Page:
There are a lot of special places in this world. Some places have a special connection to God. The Holy Lands tours are special because they help us to connect with the very real history recorded for us in Scripture. Some places and things are more special than others. Some things have been used by God in special ways to funnel blessings to his people. The space or thing isn’t responsible for the grace given. The thing isn’t magical. God used the space or thing to funnel his blessings to his people.
God’s Use of Special Things for His People in the Old Testament
God created all the universe as the theater of his glory where we can experience his blessings. Genesis 1 and 2 demonstrates God’s power over all the pagan idols of Moses’ day and then also shows how God created the universe to be a blessing to his people. From physics to food God’s people were given everything they needed for joy. God even blessed Adam with Eve to be his love. In the paradise Garden, God placed the tree of life which seems to have delivered immortality to the people.
We don’t know how much time had passed before Eve and then Adam chose sin over salvation. That time did come in Genesis 3 and sin grew in prevalence and power until Genesis 6 when God revealed that he would destroy the world except for Noah and his family. Still, there was a physical way God would bless his people. The blessing came unexpectedly in the flood. According to 1 Peter 3:20, the people were saved through water. Baptism that corresponds to that now saves you Peter said. The flood washed sin away so that Noah and his family could enjoy a new creation. It was like the Garden of Eden all over again. We see something similar as God washed the Egyptians away in the Red Sea.
Bread and Water from Heaven
Even as the Israelites rebelled with faithlessness, God continued to bless them. He gave them bread from heaven and water from the rock. He nurtured them as the wandered in their wilderness of sin. Paul gave a theological summary of the Exodus and the subsequent wanderings in 1 Corinthians 10:2-3 when he said, “They were all baptized into Moses in the cloud and in the sea. They all ate the same spiritual food and drank the same spiritual drink; for they drank from the spiritual rock that accompanied them, and that rock was Christ.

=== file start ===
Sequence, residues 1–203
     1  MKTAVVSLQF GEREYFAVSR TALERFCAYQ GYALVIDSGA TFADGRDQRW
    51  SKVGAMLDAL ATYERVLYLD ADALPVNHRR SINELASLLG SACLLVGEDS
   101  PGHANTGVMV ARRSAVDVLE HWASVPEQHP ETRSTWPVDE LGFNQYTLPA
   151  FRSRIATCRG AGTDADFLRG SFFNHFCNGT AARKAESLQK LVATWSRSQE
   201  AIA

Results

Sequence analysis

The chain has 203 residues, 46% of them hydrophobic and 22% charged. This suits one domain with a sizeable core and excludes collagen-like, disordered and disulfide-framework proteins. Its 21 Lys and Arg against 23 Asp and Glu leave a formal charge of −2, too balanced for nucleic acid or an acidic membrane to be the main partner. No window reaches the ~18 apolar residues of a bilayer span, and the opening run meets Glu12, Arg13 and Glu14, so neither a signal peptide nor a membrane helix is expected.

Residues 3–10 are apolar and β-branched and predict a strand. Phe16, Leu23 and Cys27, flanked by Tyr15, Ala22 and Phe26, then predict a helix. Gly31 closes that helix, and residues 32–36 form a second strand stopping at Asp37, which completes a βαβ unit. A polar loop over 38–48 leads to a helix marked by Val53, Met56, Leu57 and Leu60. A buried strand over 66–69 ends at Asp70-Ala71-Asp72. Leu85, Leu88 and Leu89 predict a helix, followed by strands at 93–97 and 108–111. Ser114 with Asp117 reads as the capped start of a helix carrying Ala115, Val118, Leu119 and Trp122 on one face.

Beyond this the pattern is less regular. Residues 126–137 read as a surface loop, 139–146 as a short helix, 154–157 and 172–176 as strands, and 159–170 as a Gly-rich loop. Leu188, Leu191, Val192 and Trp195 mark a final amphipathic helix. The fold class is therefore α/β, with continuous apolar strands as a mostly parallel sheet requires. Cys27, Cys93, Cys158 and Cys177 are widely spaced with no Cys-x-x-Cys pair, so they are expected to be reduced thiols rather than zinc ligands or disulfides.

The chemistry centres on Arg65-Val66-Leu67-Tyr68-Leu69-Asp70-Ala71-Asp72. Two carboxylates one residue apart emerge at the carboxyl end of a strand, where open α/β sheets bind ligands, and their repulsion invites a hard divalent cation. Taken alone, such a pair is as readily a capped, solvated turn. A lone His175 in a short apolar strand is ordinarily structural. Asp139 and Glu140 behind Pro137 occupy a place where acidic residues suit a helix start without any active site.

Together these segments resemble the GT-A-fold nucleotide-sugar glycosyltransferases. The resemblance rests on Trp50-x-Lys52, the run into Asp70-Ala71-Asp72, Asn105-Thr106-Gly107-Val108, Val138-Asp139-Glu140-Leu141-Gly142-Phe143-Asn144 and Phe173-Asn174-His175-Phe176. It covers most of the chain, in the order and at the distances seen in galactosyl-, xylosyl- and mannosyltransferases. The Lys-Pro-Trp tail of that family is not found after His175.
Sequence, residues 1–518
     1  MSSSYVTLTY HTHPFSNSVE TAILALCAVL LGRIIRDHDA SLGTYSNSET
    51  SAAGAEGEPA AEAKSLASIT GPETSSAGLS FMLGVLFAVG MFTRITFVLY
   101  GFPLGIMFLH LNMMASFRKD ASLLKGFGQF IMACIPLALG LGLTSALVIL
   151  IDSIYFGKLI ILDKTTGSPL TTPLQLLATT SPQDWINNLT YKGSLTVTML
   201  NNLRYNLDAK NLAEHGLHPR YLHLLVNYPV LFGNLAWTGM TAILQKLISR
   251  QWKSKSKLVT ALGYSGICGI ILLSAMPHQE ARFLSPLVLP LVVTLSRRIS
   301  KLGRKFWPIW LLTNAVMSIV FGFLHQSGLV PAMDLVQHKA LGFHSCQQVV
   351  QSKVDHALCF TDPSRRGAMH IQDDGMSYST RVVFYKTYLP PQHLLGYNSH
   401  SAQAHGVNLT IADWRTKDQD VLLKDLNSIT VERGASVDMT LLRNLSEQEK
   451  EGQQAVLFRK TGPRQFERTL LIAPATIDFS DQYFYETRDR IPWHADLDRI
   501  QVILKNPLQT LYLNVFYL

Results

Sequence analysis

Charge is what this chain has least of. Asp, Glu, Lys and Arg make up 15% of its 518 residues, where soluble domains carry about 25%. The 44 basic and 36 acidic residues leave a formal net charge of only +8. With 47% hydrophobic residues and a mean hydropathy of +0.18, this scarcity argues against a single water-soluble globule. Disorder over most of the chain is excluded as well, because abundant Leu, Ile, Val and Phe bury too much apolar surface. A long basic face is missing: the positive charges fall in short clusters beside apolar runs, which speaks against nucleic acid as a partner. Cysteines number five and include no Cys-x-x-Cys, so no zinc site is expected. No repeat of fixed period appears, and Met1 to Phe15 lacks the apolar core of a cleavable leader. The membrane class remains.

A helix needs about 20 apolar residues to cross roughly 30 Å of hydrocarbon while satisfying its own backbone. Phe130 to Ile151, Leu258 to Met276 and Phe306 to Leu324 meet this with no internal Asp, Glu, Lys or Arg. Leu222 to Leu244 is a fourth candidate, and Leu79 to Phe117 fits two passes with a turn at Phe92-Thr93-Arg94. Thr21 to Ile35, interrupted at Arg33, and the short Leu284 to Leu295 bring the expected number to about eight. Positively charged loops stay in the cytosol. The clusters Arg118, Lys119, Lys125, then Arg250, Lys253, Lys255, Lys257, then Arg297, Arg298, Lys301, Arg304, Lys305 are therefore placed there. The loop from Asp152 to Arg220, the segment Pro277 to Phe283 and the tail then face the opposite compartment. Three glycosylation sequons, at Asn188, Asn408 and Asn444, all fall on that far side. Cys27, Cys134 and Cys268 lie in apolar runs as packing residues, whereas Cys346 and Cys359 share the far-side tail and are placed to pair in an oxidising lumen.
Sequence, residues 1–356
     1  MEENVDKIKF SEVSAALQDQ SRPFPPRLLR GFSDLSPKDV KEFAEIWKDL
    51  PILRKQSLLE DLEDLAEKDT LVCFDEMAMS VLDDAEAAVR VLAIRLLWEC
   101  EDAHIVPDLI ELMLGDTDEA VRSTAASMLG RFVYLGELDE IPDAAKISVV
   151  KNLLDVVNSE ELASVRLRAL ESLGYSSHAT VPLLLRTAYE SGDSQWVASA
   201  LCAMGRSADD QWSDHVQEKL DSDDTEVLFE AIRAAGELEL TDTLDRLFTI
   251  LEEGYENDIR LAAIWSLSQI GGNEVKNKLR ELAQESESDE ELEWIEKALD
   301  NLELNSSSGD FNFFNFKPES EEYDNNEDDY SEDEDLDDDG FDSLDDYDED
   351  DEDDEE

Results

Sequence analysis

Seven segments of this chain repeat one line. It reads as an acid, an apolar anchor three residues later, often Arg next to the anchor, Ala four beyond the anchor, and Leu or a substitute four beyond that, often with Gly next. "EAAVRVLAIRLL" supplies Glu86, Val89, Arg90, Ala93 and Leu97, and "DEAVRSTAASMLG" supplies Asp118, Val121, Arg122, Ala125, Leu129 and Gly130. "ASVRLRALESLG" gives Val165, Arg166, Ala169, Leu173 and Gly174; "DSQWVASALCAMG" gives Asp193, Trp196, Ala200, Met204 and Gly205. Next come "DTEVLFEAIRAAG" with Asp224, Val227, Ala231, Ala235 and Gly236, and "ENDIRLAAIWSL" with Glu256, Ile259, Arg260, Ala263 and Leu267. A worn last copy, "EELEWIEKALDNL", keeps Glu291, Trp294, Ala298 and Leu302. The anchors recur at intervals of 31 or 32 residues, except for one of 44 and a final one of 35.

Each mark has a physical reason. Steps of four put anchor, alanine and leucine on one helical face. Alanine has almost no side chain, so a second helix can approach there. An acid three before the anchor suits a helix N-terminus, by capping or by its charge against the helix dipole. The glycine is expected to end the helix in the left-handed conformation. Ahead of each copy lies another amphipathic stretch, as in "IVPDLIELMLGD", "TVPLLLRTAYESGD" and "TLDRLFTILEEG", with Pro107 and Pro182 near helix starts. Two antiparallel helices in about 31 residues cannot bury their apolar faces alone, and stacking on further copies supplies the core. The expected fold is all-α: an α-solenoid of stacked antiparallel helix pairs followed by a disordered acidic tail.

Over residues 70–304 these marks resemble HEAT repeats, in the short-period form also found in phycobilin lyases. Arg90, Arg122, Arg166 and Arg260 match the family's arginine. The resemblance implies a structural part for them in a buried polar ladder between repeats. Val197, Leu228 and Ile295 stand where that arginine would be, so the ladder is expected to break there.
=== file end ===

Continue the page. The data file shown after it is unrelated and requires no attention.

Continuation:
God’s Use of Special Things for His People in the Christian Age
The ultimate union of God with his creation is found in the incarnation. The eternal Word, who was God in every way (Jn. 1:1), took on flesh and dwelt among us (Jn. 1:14). Without ceasing to be what he was, he became what he was not so that he could funnel the divine blessings through his human nature. Hebrews 2:17-18 explains the effects of the Word’s union with his human nature: “For this reason he had to be made like them, fully human in every way, in order that he might become a merciful and faithful high priest in service to God, and that he might make atonement for the sins of the people. Because he himself suffered when he was tempted, he is able to help those who are being tempted.” In a similar but much more glorious way, God chose once again to bless his people through a creature—the true human nature of Christ.
Just as God healed the leper through his touch, he heals the lost as they are brought into a special union with him. In the Old Testament, God blessed his people as they came into contact with or consumed the chosen things. Christ is not physically present on earth, but he is spiritually present and especially so in certain things.
Those who would be baptized are brought to a sacred act wherein Christ is present. Galatians 3:26-27 and Romans 6:3, therefore, teach that the lost are baptized into Christ and come out of that event having been clothed with Christ through the powerful working of God (Col. 2:12). God chose to use baptism as a physical thing to funnel blessings to his people. The Scriptures speak of baptism as a time at which God does something. Baptism is a precious work of God which provides the Christian with confidence in Christ. Calvin said: